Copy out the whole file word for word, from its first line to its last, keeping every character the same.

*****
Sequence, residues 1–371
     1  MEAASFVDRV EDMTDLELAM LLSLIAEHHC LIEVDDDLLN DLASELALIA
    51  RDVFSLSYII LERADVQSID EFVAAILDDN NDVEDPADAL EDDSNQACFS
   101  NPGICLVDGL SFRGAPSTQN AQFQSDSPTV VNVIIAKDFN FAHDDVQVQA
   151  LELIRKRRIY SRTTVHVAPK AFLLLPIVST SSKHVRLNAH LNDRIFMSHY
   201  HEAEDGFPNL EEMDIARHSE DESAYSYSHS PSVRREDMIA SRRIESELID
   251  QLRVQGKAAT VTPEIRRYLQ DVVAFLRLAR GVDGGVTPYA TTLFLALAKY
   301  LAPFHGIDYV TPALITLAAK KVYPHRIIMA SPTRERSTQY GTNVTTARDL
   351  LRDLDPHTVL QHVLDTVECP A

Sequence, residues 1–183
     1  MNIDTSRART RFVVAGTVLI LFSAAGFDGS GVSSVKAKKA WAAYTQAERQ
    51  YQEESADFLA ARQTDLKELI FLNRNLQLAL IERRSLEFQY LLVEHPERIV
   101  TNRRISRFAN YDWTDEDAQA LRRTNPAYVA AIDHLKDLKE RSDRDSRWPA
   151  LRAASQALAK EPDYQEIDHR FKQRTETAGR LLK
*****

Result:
Sequence, residues 1–371
     1  MEAASFVDRV EDMTDLELAM LLSLIAEHHC LIEVDDDLLN DLASELALIA
    51  RDVFSLSYII LERADVQSID EFVAAILDDN NDVEDPADAL EDDSNQACFS
   101  NPGICLVDGL SFRGAPSTQN AQFQSDSPTV VNVIIAKDFN FAHDDVQVQA
   151  LELIRKRRIY SRTTVHVAPK AFLLLPIVST SSKHVRLNAH LNDRIFMSHY
   201  HEAEDGFPNL EEMDIARHSE DESAYSYSHS PSVRREDMIA SRRIESELID
   251  QLRVQGKAAT VTPEIRRYLQ DVVAFLRLAR GVDGGVTPYA TTLFLALAKY
   301  LAPFHGIDYV TPALITLAAK KVYPHRIIMA SPTRERSTQY GTNVTTARDL
   351  LRDLDPHTVL QHVLDTVECP A

Sequence, residues 1–183
     1  MNIDTSRART RFVVAGTVLI LFSAAGFDGS GVSSVKAKKA WAAYTQAERQ
    51  YQEESADFLA ARQTDLKELI FLNRNLQLAL IERRSLEFQY LLVEHPERIV
   101  TNRRISRFAN YDWTDEDAQA LRRTNPAYVA AIDHLKDLKE RSDRDSRWPA
   151  LRAASQALAK EPDYQEIDHR FKQRTETAGR LLK